On June 28, 1996, about 1150 eastern daylight time, a Cessna 172N, N4776E, was substantially damaged when it overran the runway during the landing at the Blue Knob Valley Airport, Newry, Pennsylvania. The private pilot and passenger were not injured. Visual meteorological conditions prevailed for the local flight. No flight plan was filed for the personal flight conducted under 14 CFR Part 91.

The pilot stated, in the NTSB form 6120.1/2:

"My son and I arrived at the airport and I preflighted the airplane. We taxied to the run-up area for runway 29. I "ran-up" the engine, checked the gauges and set the flight instruments and radio. We cleared for take off and during the take-off roll, I noticed the airspeed was not working properly. It bounced a few times and then quit. By this time I was too far down the runway to abort the takeoff. I took off and we flew locally for 1.2 hours. We flew back to the airport to land. I was concerned about coming in too slow and stalling out. I use 10 [degrees] flaps for a final but was too high and fast to touch down. I made a go around and used 20 [degrees] flaps for final. I touched down about 1/3 to 1/2 down the runway, applied full brakes but was still going too fast and ran off the end of the runway."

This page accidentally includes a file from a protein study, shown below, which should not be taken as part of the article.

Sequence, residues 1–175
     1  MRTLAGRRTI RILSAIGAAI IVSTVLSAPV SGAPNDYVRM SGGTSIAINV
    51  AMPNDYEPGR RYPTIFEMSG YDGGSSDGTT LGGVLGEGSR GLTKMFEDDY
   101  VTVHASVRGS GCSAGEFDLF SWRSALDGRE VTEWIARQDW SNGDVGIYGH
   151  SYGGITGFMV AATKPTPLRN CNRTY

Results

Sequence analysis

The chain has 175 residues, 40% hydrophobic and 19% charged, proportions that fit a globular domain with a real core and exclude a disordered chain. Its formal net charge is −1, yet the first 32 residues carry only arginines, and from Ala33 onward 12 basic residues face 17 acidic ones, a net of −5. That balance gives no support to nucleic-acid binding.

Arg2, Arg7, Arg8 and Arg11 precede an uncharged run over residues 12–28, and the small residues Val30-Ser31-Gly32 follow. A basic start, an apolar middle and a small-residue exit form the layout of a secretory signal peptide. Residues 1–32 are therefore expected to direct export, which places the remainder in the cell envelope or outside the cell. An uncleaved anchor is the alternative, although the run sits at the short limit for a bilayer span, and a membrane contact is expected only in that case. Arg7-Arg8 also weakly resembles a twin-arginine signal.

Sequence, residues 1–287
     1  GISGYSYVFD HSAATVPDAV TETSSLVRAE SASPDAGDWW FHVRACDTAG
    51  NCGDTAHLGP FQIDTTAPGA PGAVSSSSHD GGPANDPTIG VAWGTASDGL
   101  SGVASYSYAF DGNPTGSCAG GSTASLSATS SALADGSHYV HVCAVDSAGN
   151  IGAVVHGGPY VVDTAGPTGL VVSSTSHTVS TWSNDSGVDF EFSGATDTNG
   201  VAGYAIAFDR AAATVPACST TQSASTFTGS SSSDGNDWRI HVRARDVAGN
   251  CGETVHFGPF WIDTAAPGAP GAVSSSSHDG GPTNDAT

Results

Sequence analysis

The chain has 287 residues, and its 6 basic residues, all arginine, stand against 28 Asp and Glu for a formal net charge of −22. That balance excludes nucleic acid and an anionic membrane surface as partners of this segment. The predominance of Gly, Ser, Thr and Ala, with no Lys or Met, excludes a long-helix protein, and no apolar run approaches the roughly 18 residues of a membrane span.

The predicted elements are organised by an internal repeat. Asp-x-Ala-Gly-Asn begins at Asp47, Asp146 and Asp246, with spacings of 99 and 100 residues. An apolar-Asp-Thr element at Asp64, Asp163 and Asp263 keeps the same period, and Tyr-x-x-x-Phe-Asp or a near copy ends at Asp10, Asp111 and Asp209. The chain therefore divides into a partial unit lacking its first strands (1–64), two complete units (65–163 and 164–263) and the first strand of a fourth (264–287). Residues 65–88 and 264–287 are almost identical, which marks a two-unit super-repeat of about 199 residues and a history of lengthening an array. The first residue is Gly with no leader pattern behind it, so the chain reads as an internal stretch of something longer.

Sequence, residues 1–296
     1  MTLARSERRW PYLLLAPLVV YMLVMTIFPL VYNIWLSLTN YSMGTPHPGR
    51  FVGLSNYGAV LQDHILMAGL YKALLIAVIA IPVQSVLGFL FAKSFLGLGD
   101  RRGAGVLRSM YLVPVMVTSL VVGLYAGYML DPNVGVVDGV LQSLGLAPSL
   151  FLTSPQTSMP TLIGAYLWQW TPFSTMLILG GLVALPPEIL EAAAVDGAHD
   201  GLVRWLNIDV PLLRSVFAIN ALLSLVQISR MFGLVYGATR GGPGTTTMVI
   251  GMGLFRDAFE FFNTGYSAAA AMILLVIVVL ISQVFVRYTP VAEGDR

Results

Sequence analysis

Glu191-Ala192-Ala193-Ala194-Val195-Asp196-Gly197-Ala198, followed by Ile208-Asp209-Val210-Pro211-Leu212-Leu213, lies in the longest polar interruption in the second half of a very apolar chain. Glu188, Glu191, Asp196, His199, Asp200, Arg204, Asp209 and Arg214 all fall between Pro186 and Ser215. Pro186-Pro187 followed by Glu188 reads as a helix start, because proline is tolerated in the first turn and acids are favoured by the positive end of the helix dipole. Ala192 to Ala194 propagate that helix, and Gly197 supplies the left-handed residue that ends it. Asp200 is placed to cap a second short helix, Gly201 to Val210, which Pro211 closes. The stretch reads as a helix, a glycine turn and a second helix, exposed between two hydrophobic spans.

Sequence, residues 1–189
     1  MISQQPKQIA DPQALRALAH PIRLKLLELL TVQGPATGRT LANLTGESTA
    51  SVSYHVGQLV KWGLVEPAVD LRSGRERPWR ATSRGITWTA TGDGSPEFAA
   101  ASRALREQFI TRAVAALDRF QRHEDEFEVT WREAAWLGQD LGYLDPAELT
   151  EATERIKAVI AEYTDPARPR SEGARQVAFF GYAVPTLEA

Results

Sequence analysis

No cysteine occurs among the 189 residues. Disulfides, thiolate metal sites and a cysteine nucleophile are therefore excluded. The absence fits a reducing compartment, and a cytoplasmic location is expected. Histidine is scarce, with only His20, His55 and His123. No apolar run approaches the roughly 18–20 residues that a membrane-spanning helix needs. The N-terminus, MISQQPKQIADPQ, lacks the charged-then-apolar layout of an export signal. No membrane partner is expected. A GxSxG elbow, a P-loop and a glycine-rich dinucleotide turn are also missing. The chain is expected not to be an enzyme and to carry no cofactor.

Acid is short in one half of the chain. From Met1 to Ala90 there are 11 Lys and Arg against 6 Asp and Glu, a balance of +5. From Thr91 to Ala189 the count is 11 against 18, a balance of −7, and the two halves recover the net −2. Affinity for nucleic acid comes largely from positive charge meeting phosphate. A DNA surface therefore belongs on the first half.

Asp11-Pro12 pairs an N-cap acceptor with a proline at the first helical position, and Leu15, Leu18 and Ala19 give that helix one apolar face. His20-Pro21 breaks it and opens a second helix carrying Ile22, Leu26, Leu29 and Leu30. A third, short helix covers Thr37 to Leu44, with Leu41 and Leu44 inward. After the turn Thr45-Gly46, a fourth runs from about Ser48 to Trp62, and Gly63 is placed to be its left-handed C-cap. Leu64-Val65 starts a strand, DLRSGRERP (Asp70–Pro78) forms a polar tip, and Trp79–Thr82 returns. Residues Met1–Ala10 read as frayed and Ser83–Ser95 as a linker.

Examination of the wreckage by a Federal Aviation Administration Inspector revealed sediment clogged the pitot tube.

According to the Airport Facility Directory, runway 29 was a 3,415 foot long, 92 foot wide, dirt runway with no obstructions. The weather at a nearby airport was reported as ceiling 3,500 broken; visibility 12 miles; temperature 80 degrees F; dewpoint 60 degrees F; altimeter 30.20" Hg; wind from 330 degrees at 7 knots. According to the Cessna 172 Pilot Operating Handbook, for the above conditions, the takeoff and landing distances were approximately 1,300 and 900 feet respectively.

Use your browsers 'back' function to return to synopsis
Return to Query Page